Hakan Altınay, former secretary-general of the Open Society Foundation’s Turkey branch and one of the defendants in the Gezi Park trial, has denied accusations that he tried to overthrow the government by funding street protests on behalf of billionaire philanthropist George Soros.
In a recent interview with the T24 news website, Altınay, who was sentenced to 18 years in prison by a Turkish court, pointed out that after the 2013 Gezi protests, members of the ruling Justice and Development Party (AKP) continued to meet with Open Society Foundation representatives.
Altınay also claimed that the government afforded Soros VIP treatment when he visited Turkey in the early 2000s.
He also clarified that his tenure as secretary-general of the Open Society Foundation Turkey ended in 2009, making it “absurd” for him to be accused of trying to overthrow the government on behalf of Soros in 2013.
A spokesperson for the Open Society Foundation rejected accusations of involvement in the 2013 Gezi Park protests in Turkey in January.
In an interview with BBC’s Turkish service, the spokesperson denied that the foundation financed the protests and emphasized that it had been working within the law in Turkey for years.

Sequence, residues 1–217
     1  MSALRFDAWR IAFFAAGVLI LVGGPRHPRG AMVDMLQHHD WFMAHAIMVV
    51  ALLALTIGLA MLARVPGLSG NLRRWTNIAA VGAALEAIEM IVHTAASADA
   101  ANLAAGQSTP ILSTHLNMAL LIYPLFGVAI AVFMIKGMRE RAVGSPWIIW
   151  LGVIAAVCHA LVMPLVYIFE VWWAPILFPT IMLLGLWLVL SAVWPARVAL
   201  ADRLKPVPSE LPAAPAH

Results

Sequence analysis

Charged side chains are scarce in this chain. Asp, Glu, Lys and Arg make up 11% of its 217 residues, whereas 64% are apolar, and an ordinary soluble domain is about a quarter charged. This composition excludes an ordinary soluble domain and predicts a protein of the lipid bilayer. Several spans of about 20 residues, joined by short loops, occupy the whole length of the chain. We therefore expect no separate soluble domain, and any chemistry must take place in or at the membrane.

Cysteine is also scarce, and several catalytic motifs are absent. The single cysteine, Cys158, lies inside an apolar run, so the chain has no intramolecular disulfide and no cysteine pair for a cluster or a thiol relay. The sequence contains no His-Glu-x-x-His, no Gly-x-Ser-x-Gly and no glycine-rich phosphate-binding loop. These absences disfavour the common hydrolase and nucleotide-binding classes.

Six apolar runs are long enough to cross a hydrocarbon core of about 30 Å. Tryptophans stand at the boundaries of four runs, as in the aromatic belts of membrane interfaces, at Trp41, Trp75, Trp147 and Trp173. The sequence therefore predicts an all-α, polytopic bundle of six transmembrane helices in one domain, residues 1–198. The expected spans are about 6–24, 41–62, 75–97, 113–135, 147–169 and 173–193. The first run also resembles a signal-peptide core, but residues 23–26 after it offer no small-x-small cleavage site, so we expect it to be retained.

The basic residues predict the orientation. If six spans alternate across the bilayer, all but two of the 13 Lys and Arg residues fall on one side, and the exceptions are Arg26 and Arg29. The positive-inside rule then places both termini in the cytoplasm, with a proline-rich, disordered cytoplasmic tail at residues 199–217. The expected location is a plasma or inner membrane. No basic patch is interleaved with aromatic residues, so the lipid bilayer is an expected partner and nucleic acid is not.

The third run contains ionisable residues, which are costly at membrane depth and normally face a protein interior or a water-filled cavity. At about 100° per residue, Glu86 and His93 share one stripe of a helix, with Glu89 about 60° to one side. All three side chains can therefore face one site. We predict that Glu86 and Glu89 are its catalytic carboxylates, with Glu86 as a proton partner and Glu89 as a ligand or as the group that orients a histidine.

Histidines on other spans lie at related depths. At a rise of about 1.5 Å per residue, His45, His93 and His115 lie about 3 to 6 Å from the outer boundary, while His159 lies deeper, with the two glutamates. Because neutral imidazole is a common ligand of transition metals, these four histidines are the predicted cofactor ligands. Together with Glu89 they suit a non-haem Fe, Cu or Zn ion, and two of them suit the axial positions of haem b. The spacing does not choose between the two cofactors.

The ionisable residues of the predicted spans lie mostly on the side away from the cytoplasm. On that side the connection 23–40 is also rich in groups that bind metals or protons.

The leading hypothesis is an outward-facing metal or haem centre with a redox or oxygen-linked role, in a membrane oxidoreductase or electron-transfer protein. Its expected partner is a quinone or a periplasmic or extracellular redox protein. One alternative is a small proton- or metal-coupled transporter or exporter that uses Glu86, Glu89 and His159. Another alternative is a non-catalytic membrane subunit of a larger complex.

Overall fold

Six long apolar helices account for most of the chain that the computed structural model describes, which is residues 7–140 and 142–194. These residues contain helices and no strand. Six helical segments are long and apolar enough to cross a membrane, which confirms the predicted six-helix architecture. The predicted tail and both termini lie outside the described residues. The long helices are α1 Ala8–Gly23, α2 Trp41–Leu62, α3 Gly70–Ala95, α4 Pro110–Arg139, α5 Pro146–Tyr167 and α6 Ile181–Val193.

The foundation ceased operations in Turkey in 2018, after President Recep Tayyip Erdoğan accused Soros of seeking to “divide nations and shatter them.”
The spokesperson also referred to a series of meetings between Soros and Erdoğan, about which the presidency has declined to comment.
The foundation, which started operations in Turkey in 2001, had focused on supporting the country’s efforts to join the EU and on issues including education, women’s rights, discrimination and refugees.
The Gezi Park demonstrations in 2013 were a response to the government’s attempt to destroy one of the few green spaces left in İstanbul, which quickly turned into a nationwide protest against the authoritarian policies of then-prime minister and current president Erdoğan.
The outcome of the trial, in which Altınay and seven others were sentenced to various terms in prison and Osman Kavala to life imprisonment, has been criticized by opposition parties that accused the government of using the judiciary for revenge and questioned its independence.
The defense appealed the verdicts at Turkey’s Supreme Court of Appeals in March.